Founded in 1949, NATO is a defence organisation with the task to safeguard the freedom and security of its members through political and military means.
NATO’s primary task is collective defence, and Article 5 of the North Atlantic Treaty states that an armed attack against one member state shall be considered an attack against them all.
NATO upholds the capability to fulfil the obligation of mutual assistance. This creates a preventive threshold against the use of military power and the threat of it against the Alliance. Each member is required to assist another member under attack as they see appropriate, including the military use of force. Furthermore, NATO implements military crisis management operations and maintains an extensive partnership network.
Based on the national armed forces and resources of the member countries, NATO’s capabilities are developed through the common defence planning system, bound by the common command and control and force structure. NATO provides the standards, modes of operation and exercises which make military interoperability possible in multinational operations. NATO’s military structure operates under the political steering from the member countries.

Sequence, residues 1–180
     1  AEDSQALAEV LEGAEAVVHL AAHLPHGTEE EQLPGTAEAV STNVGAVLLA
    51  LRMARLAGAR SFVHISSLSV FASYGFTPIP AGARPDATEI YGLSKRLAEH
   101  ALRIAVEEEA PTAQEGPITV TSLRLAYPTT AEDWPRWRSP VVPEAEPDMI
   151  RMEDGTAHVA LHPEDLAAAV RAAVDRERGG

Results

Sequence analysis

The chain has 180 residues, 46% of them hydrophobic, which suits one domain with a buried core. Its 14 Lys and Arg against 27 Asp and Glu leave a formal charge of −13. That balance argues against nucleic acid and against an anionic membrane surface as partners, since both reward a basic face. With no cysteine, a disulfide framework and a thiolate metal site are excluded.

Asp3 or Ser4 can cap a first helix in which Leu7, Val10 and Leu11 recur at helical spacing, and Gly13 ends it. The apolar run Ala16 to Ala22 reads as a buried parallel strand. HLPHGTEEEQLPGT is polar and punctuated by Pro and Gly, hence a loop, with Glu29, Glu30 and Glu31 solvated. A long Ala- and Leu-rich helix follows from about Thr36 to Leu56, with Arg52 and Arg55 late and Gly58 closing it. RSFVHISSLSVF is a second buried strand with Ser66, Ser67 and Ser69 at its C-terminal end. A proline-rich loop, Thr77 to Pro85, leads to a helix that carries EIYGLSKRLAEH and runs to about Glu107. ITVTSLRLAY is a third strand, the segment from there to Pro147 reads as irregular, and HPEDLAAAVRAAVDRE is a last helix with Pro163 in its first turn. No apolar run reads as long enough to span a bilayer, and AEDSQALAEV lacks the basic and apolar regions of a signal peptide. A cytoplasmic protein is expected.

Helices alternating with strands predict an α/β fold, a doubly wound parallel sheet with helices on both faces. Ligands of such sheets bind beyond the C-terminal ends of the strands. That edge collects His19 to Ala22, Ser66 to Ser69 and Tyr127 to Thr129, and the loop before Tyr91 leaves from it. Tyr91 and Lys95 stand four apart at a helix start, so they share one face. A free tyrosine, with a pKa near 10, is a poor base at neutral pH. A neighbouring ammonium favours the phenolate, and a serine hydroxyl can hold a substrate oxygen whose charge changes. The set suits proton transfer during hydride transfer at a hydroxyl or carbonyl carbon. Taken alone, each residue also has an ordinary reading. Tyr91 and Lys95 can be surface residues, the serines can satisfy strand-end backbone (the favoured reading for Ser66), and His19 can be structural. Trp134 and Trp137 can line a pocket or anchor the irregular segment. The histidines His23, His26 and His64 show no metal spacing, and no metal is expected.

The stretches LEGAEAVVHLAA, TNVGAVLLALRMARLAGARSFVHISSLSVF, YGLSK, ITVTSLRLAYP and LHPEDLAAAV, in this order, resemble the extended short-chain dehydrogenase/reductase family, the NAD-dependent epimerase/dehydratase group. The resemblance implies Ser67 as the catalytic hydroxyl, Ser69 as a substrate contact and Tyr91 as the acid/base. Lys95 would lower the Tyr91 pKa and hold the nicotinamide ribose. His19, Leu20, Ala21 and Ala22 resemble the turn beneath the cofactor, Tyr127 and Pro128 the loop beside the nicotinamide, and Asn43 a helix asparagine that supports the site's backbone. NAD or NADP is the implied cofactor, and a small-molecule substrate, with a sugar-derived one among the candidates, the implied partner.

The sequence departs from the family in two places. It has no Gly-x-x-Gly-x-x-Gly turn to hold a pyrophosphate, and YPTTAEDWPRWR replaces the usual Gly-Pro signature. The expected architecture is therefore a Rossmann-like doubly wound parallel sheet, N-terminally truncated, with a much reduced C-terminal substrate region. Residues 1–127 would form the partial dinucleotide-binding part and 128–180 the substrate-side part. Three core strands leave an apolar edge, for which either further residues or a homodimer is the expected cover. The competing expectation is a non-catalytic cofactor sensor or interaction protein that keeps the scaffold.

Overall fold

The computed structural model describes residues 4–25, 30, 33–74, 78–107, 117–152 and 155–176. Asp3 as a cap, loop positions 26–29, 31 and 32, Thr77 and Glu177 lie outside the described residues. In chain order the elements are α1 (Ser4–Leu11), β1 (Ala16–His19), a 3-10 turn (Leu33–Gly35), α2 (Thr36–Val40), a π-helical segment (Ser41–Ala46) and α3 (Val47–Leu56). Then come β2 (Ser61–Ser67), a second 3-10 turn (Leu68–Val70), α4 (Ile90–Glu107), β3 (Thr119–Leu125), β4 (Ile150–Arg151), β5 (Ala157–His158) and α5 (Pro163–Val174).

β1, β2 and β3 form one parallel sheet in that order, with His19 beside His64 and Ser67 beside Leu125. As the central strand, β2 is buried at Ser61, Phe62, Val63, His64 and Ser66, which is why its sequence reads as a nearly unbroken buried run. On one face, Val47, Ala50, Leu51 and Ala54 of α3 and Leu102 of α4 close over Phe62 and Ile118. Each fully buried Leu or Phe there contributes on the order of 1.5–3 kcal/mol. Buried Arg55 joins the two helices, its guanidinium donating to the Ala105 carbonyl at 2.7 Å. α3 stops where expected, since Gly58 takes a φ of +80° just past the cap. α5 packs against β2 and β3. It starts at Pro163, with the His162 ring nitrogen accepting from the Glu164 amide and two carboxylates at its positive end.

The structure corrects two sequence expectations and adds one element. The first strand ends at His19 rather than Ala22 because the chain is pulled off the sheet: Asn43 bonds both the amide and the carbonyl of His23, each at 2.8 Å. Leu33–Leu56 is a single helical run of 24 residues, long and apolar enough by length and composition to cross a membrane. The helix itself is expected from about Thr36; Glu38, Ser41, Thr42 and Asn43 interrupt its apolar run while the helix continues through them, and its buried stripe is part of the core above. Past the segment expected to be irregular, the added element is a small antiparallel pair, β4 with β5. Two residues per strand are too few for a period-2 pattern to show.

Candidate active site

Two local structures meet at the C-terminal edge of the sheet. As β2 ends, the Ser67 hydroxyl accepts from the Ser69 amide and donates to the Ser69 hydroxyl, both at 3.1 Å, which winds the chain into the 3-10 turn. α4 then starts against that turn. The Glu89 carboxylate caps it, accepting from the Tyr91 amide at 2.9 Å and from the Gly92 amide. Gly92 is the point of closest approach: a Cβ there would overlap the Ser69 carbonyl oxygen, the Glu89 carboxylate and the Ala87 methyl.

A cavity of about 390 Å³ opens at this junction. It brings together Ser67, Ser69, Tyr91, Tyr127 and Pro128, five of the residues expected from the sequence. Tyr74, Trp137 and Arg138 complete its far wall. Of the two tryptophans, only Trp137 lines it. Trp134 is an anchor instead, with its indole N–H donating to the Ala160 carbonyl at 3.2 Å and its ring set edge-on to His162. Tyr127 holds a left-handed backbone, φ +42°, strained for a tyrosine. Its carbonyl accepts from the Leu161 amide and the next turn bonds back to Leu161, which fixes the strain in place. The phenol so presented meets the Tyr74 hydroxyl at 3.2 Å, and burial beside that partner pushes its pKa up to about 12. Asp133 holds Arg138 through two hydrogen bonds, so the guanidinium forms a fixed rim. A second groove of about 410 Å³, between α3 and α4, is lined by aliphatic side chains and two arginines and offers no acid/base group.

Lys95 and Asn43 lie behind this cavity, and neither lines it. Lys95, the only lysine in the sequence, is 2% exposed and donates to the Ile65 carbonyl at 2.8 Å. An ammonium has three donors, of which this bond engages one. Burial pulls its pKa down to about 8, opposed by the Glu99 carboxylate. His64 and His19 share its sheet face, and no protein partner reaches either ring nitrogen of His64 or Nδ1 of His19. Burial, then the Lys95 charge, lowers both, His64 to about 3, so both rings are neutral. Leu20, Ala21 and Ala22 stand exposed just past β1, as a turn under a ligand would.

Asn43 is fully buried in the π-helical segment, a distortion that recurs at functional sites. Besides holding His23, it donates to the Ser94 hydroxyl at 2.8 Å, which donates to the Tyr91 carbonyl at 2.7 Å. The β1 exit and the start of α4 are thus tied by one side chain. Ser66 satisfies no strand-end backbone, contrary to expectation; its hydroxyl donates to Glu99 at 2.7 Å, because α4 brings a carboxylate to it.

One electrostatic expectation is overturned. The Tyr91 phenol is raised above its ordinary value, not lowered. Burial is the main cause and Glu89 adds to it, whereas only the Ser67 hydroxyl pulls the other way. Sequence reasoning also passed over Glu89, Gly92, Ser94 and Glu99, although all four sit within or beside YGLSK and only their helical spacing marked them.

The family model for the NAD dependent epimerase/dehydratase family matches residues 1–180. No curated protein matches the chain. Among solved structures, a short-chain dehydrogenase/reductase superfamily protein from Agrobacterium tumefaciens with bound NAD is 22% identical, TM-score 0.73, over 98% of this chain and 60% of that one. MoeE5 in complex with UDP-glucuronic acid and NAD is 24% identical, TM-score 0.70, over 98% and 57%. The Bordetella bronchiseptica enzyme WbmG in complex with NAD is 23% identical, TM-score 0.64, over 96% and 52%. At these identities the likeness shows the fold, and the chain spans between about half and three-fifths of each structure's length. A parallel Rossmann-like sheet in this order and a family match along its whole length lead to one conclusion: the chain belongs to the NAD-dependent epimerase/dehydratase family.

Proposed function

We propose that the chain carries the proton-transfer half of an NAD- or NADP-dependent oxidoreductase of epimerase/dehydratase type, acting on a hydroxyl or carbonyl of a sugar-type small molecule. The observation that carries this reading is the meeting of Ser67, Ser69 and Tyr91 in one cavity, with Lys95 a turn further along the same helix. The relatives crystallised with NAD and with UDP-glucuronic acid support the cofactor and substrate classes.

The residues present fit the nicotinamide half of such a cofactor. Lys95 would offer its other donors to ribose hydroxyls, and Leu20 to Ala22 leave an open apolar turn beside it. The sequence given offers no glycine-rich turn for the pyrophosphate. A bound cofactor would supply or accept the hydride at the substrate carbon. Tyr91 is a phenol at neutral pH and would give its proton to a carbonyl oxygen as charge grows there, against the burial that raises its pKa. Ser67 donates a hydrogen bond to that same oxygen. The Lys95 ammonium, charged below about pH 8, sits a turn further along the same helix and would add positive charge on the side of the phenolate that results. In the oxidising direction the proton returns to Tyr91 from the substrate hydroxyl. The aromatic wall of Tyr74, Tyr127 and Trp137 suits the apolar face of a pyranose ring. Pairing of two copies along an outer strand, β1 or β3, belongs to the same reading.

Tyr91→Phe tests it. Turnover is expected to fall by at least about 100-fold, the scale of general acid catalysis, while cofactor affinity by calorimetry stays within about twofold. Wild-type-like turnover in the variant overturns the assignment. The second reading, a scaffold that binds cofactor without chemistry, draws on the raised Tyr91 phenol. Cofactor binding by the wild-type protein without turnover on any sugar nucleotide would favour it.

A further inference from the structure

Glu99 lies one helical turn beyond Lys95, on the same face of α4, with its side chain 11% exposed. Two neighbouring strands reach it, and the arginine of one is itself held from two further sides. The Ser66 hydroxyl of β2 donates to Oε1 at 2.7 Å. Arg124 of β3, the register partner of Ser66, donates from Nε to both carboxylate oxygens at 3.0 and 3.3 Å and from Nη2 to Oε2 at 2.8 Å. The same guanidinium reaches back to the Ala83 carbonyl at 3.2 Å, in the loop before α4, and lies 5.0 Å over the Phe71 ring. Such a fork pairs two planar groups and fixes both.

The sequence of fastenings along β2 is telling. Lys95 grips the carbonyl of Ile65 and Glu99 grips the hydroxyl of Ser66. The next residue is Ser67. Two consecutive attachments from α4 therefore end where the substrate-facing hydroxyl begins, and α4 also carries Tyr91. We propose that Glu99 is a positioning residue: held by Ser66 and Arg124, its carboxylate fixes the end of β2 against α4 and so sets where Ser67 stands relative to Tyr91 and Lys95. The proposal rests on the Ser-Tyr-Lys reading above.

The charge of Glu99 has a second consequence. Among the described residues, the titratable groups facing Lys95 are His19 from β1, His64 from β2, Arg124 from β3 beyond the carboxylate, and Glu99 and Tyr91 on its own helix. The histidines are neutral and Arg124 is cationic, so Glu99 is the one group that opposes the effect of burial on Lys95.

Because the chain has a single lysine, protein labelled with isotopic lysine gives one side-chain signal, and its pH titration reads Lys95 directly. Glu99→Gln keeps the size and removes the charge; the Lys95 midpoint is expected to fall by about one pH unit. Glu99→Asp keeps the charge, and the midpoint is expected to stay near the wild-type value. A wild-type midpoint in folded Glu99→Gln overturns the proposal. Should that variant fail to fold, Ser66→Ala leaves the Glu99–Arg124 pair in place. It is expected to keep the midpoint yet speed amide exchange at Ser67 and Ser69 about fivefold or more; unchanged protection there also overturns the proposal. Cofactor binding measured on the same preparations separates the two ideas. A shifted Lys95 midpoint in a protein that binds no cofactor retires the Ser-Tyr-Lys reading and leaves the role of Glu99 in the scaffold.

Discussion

NATO consists of 28 member countries, and 21 of these are also members of the European Union. Montenegro will become the 29th member country when its accession process is completed in 2017.
NATO provides a forum for the North American and European countries to discuss common security challenges and decide on joint action to counter these challenges.
All decision-making in NATO is based on consensus.
NATO’s principle decision-making body is the North Atlantic Council (NAC), where each member country has a permanent ambassadorial level representative. The Council also regularly meets at the level of ministers of foreign affairs and defence, and at the summit level with the participation of heads of state and government.